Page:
What Should You Do if You See a Wild Boar While Hiking?
If you see a wild boar while you’re hiking, the first thing you want to do is assess the situation. If the hog is far away and doesn’t seem to be bothered by your presence, you have two options. Either continue on your hike and hope you don’t cross paths or change your route entirely. I would err on the side of caution and choose the latter. Wild Boars are known to be very territorial animals. As a matter of fact, most wildlife you’ll encounter while hiking are pretty territorial creatures.
If the hog is closer to you or seems agitated, your best bet is to slowly back away. Whatever you do, don’t turn your back on the animal or run away. Just like coyotes, they may view this as a challenge, and they will likely come after you.
Secondly, don’t run. I know this is instinctual, but it will only make the situation worse. Boars are pretty fast on their feet, and they will catch up to you if you try to outrun them. Like with most animals, the moment you start running is when their hunting & chasing instinct kicks in.
Lastly, don’t try to win over its heart with food. I know we’re programmed to think that if an animal is hungry, we can just give it some food, and it’ll be on its merry way. But this doesn’t work with wild hogs. In fact, feeding them will only make the problem worse. And this goes with pretty much ALL wildlife – don’t feed them.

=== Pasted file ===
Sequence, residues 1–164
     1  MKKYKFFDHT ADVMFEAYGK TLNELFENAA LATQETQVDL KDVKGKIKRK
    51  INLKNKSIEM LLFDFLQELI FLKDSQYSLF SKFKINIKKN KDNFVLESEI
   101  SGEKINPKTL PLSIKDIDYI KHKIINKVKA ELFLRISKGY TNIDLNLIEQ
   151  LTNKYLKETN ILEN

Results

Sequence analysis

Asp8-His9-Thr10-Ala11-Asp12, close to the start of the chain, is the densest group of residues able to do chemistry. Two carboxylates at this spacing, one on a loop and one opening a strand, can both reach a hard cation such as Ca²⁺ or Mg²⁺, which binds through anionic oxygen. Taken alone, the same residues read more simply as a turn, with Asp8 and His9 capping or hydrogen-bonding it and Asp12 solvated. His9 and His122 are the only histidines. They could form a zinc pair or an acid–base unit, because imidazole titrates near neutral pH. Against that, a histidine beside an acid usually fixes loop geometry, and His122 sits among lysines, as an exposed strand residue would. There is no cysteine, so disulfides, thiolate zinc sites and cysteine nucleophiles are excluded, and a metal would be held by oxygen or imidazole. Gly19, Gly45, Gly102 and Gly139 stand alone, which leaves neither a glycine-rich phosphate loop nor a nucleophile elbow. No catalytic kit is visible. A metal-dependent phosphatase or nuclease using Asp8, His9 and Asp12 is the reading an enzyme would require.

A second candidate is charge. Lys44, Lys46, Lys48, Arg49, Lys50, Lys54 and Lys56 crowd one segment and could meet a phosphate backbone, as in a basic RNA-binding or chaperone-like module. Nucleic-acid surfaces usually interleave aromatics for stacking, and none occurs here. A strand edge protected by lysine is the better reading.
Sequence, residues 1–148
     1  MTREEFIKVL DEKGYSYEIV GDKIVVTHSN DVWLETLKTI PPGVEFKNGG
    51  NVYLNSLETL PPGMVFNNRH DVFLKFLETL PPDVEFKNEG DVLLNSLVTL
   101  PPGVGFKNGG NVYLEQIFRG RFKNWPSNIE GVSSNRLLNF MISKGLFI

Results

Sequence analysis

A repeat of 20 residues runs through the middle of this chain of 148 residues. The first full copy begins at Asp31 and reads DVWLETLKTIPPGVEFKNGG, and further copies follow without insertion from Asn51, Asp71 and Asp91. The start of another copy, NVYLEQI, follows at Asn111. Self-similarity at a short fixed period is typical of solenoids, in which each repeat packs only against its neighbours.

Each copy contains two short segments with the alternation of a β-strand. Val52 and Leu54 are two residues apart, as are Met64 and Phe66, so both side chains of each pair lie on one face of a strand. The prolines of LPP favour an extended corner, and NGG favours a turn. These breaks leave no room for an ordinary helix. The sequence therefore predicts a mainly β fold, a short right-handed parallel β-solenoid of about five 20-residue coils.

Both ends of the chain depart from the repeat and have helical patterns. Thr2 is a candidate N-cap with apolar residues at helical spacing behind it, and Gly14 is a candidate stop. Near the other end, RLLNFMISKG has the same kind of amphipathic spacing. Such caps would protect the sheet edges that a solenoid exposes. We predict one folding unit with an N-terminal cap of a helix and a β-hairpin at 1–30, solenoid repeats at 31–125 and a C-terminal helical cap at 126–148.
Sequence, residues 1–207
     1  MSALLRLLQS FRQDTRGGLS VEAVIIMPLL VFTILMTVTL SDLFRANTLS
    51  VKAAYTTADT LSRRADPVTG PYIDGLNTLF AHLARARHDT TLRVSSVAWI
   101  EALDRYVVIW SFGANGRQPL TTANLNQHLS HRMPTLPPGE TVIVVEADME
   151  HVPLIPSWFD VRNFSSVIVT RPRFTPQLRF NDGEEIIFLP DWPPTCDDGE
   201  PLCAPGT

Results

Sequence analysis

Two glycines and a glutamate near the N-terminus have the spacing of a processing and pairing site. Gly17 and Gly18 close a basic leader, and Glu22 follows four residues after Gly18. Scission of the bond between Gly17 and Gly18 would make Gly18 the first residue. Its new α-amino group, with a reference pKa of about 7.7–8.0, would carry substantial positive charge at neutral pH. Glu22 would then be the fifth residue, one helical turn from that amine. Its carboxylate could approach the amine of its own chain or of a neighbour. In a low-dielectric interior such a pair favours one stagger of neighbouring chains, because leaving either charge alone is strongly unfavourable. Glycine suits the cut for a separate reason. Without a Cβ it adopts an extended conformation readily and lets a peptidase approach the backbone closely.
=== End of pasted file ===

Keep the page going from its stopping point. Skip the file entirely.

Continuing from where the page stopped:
Do Wild Boars Attack Humans?
In short, yes.
While most animals will only attack humans if they’re provoked, wild boars are known to be much more aggressive. Many have even claimed that wild boars attack people for no reason – which just simply isn’t true.
Typically, most attacks will happen when the hog feels threatened. This could be because you’re too close to its young, you might have accidentally startled it, or you’ve unknowingly entered into its den.
There have been quite a few reported cases in the news of people being attacked by wild hogs. In total, there have also been five documented fatalities from wild boar attacks since 1825. So while it may not seem like a lot, it’s still five too many.
And even though these are nocturnal creatures, as I mentioned earlier, a 2014 study on wild boars found that most attacks on humans took place during the daytime, especially during the morning and late afternoon.
What Should You Do if a Wild Boar Charges At You?